Enterprise is an imperative
Electoral opinion has, for some time, been preoccupied by a range of negative trends that arrested growth. It has come round to agree about the obvious and urgent need to bring public finances under control. The oversized €4 billion public debt and the real and imagined "holes", associated with government finance, continue to preoccupy the thinking electorate. This picture is staggering enough to take away the breath of all objective observers of the local scene.
It is just as obvious that, if the government were to suspend drastically the injection of public funds into the economy, the engine would run out of fuel with foreseeable results.
On the one hand, the haemorrhage of public funds in projects that overrun by a long chalk the government's own estimates had to stop. It didn't. On the other, immediate decisions have had to be taken to ensure that the economy did not grind to a halt. That is why the government has had to rely on sustained deficit spending for its survival. It is not, as yet, out of the woods by any means. Meanwhile, the show must go on.
If measures are taken to ensure that certain public corporations and, indeed, various government departments are leaner and more efficient, public funds, which would otherwise be "wasted", would be profitably employed. Although Malta would derive greater value from funds better spent, the problem of reducing public expenditure would not have been solved. The challenge is to reduce the cost of government over time without causing economic dislocation and instability.
This conundrum calls for concentration of mind by all the social partners. The solution is to find ways and means to increase foreign earnings by way of exports of goods and services. If the economy could earn more from the world's markets, it would not need the same injection of public funds as it does today to keep it afloat.
What then is to be done? Every market begins by giving and the formula takes the form of supply-side economics - Say's Law - which states that supply creates its own demand.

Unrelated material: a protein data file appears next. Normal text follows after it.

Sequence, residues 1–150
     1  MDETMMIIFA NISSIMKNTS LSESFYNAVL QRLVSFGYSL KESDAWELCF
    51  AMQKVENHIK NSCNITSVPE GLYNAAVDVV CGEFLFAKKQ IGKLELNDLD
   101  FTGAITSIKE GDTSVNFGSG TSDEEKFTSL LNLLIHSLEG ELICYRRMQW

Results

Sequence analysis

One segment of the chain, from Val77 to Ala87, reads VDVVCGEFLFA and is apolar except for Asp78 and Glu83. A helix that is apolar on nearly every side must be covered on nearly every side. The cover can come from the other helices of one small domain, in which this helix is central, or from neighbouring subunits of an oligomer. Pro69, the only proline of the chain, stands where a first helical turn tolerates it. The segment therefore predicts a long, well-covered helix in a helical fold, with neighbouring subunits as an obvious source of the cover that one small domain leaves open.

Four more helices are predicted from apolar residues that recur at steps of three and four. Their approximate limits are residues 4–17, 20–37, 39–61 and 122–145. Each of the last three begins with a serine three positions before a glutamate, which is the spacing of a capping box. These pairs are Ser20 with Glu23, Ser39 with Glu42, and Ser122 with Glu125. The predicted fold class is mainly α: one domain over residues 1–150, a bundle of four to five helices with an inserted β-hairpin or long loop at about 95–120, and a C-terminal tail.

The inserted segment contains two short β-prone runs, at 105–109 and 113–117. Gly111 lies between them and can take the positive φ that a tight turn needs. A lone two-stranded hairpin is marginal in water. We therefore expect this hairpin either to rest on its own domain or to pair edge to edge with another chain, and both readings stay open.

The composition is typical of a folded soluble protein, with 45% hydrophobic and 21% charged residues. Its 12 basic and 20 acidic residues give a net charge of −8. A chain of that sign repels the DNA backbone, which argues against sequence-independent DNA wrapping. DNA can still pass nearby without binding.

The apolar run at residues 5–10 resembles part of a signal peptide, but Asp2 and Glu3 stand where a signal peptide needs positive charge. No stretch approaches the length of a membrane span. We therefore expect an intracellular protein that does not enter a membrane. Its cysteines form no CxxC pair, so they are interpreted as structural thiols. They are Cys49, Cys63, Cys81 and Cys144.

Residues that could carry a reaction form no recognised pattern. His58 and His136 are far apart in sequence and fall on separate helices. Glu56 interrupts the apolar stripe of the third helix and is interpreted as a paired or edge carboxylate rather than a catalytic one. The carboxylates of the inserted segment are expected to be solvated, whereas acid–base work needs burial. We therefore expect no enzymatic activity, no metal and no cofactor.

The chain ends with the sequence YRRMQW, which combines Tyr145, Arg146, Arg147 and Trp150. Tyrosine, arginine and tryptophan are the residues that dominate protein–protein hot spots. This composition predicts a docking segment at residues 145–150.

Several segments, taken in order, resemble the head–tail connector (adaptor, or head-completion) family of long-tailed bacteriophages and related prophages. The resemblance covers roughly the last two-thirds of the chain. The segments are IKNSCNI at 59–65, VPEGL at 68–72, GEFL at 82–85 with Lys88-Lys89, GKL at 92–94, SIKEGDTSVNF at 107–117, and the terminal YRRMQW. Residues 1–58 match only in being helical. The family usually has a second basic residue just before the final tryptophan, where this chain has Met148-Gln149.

In this case, supply anticipates a return, even if this is not guaranteed. The first makers of personal computers did not know how successful they were going to be. A great deal of "giving" in the form of money, labour and initiative, long preceded any return.
Enterprise need not be exclusively indigenous. The government could profitably inject energy into the economy by attracting foreign investment with know-how and foreign markets.
Government policy must concentrate on formulas that enable enterprise to earn more foreign earnings by being more productive, more competitive, more aggressive. And this not just in foreign markets but also in Malta when it comes to offering services to tourists and to clients interested in going in for offshore business from a Malta base.
This calls for more discipline in the market, more thrift, less restrictive practices and bureaucratic hurdles and less government-induced costs that erode competitiveness. Above all, the government could be less tax-voracious and more forthcoming in providing imaginative incentives.
The central insight of supply economics is that supply itself does not derive from "land, labour and capital", the traditional factors of production in economics, but, rather, from the talents of entrepreneurship as they are brought to bear on these factors.
To understand the market, one must understand the "business mind". If enterprise is locked in a cage, it will never fly...
Judicious help to small enterprise is a positive factor in this context. Indeed, many successful enterprises, all the world over, started from small beginnings. But the main thrust of policy must surely focus on possibilities of substantial potential proceeds, capable of yielding improvements in terms of more employment, enhanced earnings and more government revenue. The government's proper role is to motivate enterprise not to restrain or to inhibit it.
Capital is worthless if there are no brains that go with it. It is equally worthless if there are no employees willing to work hard and attain competitive standards of production that make initiatives feasible.
All of this presumes cooperation by all the social partners.
Above all, a workforce that aspires to an improved quality of life, based on higher consumption, must come to terms with the requirements of a high-production economy. To "spend and enjoy", the workforce must be ready to "work and achieve".
Unfortunately, "self-realisation" has become a goal and justification of many individuals in a culture that is increasingly no longer concerned with how to work and achieve but how to work and consume.
The so-called "free market" that abhors regulation is partly responsible for this development.
An aspect of this development was the accelerating growth since the last world war of instalment credit and credit cards. Previously, one had to save money in order to buy. Today, citizens are urged to indulge in instant gratification. This revolution in moral habit has led to a high consumption economy, which is justified when it is earned and burdened when society lives beyond its means.
The whole object of supply-side economics is to create the right conditions for a high-production economy that would justify higher consumption and this on the basis of the creation of wealth that would be shared if, and after, it is earned.
Seen in this context, the role of enterprise is an imperative if Malta is to survive. Enterprise will never fly if it is brutally overtaxed before take-off and the workforce cannot be reasonably expected to work and achieve if it is taxed beyond endurance.
To ignore this logic is not merely to miss the wood for the trees. It amounts to acute myopia.